I recall a senior executive of one of the world’s largest consumers of data proudly proclaiming in a much-celebrated announcement that went something like this: “We’ve made the bold decision to migrate our data to the cloud. This move will dramatically improve our information sharing because the contributing data will be stored in a common environment.” That was in about 2012, a long time ago in IT years! No one seemed to notice, however, that it’s not the physical location of data that enables “information sharing.” What happened is that multiple “data clouds” stood up, and data within each of these clouds was still isolated. That is, myriad data collections resided in the cloud(s), but were not related; they remained disconnected. One could say “data islands in the ocean called the cloud.”
Fast forward, we’ve seemingly realized that we did not achieve the kind of information sharing we (still) seek. What we seek is simple and secure access to any and all available information. The more connected our data is, the more informed the answers to our queries, the more accurate the answers, and the more effective our decision making. Thus, the advent of “information fabrics.”
The word “fabric” suggests a cooperating, interconnected and organized set of elements that features a patterned and predictable material. In an information fabric, the elements are the concepts represented in the data and their salient relationships.
In the current environment, users and automated clients pose questions to a fractal set of tables in the data cloud(s), not a fabric. When a question is asked, “line-of-business” applications query a set of pre-wired “schema-bound” data sources. The full set of available data sources and other content repositories are not queried. Therefore, although the answer to a basic question may reside “in the enterprise,” the client will never know. That is, we don’t know what we know. To be fair, even a coherent well-connected information fabric may not know all there is to know about a given question; however, such an environment would rapidly and completely provide “all that we do know”. In other words, we could indeed say, “We know what we know.”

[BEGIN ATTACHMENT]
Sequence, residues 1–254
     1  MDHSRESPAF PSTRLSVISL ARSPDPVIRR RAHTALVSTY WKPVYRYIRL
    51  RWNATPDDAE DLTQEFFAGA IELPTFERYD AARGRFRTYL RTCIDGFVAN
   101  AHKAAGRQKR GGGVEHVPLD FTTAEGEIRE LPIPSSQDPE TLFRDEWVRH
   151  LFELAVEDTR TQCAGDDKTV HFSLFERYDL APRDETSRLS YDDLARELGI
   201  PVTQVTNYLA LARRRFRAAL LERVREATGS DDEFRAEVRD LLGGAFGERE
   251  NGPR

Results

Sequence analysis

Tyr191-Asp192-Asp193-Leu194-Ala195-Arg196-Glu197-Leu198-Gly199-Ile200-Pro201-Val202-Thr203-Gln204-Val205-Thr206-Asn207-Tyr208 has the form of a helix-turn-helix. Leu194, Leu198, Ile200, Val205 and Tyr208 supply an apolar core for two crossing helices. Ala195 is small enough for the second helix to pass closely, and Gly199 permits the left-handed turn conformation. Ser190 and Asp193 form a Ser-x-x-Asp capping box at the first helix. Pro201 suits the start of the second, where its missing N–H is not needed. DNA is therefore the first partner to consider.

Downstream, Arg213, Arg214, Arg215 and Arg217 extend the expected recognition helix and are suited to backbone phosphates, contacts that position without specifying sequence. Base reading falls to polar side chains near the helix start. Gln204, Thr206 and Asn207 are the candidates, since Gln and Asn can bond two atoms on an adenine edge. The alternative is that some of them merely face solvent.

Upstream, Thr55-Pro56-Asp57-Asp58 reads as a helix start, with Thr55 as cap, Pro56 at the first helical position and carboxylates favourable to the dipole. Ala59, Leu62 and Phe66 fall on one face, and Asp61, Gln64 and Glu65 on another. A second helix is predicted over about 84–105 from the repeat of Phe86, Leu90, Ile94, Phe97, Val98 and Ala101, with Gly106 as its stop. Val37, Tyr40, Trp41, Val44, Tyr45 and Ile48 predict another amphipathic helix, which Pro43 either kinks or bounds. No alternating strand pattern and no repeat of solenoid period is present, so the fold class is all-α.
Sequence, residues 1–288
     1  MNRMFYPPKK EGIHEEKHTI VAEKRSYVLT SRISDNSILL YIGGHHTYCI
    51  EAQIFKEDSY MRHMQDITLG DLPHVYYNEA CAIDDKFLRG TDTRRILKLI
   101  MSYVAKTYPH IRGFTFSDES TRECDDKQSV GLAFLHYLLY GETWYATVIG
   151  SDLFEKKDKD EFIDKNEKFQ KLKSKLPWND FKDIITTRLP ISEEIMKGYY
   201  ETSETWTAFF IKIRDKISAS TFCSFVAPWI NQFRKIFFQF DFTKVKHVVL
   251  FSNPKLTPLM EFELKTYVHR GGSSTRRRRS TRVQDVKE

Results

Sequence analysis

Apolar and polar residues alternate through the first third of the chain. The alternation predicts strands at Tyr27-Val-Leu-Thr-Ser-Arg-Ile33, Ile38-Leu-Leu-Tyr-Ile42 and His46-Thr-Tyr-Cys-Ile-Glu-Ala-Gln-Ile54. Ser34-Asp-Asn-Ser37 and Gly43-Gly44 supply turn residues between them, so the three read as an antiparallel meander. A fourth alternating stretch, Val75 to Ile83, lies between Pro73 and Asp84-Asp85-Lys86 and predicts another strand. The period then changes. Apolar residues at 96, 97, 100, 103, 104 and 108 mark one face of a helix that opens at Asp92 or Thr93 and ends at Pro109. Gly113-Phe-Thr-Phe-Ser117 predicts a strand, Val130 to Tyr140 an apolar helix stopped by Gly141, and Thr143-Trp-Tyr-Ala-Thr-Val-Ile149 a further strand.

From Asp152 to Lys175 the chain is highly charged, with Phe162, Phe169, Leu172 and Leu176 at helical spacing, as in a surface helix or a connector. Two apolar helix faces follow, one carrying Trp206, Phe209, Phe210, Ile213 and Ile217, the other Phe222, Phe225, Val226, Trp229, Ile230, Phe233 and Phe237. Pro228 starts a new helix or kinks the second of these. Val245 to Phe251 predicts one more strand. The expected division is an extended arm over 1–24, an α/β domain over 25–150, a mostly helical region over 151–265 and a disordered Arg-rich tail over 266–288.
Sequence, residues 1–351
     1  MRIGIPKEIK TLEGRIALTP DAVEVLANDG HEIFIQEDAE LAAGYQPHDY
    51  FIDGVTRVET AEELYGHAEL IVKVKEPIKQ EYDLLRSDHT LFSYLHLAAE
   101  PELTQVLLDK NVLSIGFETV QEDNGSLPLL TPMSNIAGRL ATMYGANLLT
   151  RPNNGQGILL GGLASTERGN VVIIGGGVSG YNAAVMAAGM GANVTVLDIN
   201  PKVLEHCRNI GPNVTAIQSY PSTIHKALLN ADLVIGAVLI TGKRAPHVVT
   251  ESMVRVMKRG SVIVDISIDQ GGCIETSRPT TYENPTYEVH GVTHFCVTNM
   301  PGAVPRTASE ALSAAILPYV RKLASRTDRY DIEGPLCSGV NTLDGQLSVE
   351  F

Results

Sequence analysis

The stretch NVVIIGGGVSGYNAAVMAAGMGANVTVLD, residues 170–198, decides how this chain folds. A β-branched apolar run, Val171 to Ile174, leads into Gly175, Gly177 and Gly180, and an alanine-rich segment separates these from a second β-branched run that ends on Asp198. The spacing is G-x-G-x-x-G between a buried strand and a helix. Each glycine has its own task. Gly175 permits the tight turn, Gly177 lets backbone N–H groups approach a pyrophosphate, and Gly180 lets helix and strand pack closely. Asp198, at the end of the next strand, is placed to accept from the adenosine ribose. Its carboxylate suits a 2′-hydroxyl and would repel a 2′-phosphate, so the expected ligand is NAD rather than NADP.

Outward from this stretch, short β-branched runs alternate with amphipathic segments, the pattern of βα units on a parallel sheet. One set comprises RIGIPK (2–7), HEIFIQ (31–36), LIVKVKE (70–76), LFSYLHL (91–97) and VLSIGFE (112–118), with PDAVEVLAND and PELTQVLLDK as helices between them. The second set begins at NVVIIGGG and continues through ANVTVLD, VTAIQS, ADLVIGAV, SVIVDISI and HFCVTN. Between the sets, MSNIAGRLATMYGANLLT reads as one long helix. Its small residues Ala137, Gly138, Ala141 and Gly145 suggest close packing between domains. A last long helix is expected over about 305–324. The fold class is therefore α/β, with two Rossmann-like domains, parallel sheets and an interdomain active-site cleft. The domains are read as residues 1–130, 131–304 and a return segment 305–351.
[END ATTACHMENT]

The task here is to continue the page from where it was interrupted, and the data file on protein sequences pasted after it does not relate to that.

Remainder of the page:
So how do we arrive at such a state? How do we create such an environment? The answers lie in a variety of areas, including people, technology, policy, and operations. From the technology perspective, creating a semantic layer – which features schema-less, self-describing, and link-able data models, methodologies and standards – liberates content from brittle, application-specific schemas, and yields agile information fabrics. The semantic layer provides the elements that interoperate, or link, data from diverse sources to create a data and information ecosystem. Approaches that lack the semantic layer are insufficient for the task.
Semantic technologies and metadata management explicitly enable information fabrics wherein data can be used and shared across applications and domains, seamlessly. Semantic layers present enormous opportunities. Increasingly autonomous software will capitalize on “fabrics of meaning” to create intelligent enterprises, which free humans to focus increasingly on higher order reasoning tasks; that is, the mission.
Semantic layers increase data interoperability, and provide organizations greater “data agility.” For example, changes to user interfaces do not “break” the information fabric; the interfaces become model-driven. Data is portable across otherwise disparate systems, services and applications. Humans and software processes can unambiguously correlate and interpret information across multiple sources. There is no requirement to “pre-model” data for queries, because the entire information fabric is available to the query agent. Selected data do not require “syntactic matches” for the software to discover and return the answer. Information fabrics built using semantic layers transcend syntax and structure and operate at the concept level. The result: global access to information on demand, which supports decision-making.
But still, this is not a universal remedy. Creating and institutionalizing common vocabularies or models is daunting, to say the least. However, current deployments of semantics-enabled information fabrics serve as demonstrable, large-scale examples of how semantics connect numerous and varied data sources.
In conclusion, creating a semantic layer of related information is crucial to realizing the ability to “know what we know,” and to discover things we didn’t know. Creating an information fabric that connects and relates data allows applications to enjoy a global view of information. Enterprise information fabrics will serve as a pillar to create coherent systems that will rapidly and completely provide all available, relevant information on demand. It’s difficult to understand how industry can latch onto the word “fabric” if the elements (data) are not interconnected; and I’m not sure what else we’ll use to create the interconnections, if not semantics.
To learn more about how semantic technology allows companies to draw conclusions and predictions from their data faster, download the Bloor Group report “The Data Fabric Journey: Cutting to the Chase with Anzo“.